The Supreme Court is notoriously tight-lipped about when, exactly, it will announce its decisions – including a highly-anticipated ruling which could reverse the landmark Roe v. Wade decision.

Whatever happens, the court’s ruling won’t be the final word on abortion in the U.S., points out Katherine Drabiak, an associate professor of health law and medical ethics at the University of South Florida. Rather, it could be “the starting point for states to navigate a wide range of new abortion laws,” Drabiak writes.

But deciding at the state level whether to make it easier or harder to get an abortion might be complex and time-consuming. Either way, the legal pathway ahead won’t be decided with one Supreme Court ruling.

Also today:

Amy Lieberman

Politics + Society Editor

Workers at a family planning clinic watch an abortion rights march in Chicago on May 14, 2022. Scott Olson/Getty Images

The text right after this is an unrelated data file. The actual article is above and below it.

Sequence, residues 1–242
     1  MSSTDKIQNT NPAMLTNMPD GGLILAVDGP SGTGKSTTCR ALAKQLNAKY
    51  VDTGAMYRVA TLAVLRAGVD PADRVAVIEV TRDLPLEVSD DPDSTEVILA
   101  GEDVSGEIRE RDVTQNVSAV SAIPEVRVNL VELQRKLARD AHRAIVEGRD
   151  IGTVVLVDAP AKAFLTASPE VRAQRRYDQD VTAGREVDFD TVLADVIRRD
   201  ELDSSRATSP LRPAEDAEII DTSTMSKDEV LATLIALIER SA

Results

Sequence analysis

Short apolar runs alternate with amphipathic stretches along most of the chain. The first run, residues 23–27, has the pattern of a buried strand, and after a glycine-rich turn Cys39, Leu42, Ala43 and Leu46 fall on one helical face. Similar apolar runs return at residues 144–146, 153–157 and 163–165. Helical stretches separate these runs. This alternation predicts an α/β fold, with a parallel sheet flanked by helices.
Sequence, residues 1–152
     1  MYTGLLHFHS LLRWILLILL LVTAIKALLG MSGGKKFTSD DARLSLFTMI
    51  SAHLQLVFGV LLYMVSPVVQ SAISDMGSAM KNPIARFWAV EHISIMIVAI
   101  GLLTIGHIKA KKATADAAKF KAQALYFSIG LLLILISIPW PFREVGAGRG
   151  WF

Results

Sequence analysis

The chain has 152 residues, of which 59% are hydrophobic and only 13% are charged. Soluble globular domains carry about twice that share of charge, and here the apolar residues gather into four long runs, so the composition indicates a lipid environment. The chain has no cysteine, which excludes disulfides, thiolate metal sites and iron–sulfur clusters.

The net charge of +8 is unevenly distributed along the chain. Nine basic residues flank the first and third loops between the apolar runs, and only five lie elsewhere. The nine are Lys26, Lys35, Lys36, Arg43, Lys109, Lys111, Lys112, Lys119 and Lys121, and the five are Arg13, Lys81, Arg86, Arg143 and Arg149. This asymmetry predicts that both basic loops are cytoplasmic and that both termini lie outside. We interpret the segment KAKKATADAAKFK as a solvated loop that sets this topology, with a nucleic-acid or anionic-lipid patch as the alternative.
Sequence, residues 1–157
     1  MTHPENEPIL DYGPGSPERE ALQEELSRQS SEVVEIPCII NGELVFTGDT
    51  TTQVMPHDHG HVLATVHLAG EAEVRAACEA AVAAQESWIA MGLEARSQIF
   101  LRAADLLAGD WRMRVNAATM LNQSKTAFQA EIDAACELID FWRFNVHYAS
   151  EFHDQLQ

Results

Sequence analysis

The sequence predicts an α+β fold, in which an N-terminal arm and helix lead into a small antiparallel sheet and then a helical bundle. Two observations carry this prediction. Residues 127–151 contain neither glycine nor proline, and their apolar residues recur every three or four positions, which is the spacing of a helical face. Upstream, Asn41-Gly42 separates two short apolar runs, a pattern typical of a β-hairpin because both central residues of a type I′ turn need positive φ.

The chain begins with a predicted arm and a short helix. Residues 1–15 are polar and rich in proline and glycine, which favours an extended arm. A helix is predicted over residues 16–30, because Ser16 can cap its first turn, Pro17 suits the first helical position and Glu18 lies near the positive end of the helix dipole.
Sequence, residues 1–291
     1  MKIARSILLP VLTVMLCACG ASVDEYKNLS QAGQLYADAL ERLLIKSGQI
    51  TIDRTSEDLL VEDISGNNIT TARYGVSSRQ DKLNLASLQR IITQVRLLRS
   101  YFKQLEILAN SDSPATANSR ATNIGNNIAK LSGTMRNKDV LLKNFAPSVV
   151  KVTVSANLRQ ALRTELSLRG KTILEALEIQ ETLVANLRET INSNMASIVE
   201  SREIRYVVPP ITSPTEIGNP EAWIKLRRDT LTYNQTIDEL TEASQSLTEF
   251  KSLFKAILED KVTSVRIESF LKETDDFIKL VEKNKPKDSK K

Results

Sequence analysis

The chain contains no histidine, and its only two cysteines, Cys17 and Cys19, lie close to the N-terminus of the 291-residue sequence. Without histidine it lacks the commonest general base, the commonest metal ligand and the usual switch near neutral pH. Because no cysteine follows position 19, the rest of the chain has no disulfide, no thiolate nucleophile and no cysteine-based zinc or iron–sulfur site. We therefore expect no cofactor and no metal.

Change won’t appear overnight in many states if the Supreme Court overturns Roe v. Wade

Katherine Drabiak, University of South Florida

The Supreme Court potentially overturning Roe v. Wade this spring will be only the first part of a complicated legal saga that will play out at the state level.

Science + Technology

Politics + Society

Arts + Culture

Economy + Business


From our international editions

The Conversation Quiz 🧠

    Between 1995 and 2016, how many Texas public schools experienced a shooting on school grounds during school hours?

    1. A. 7
    2. B. 14
    3. C. 25
    4. D. 33

    Click here for the answer.


More from The Conversation US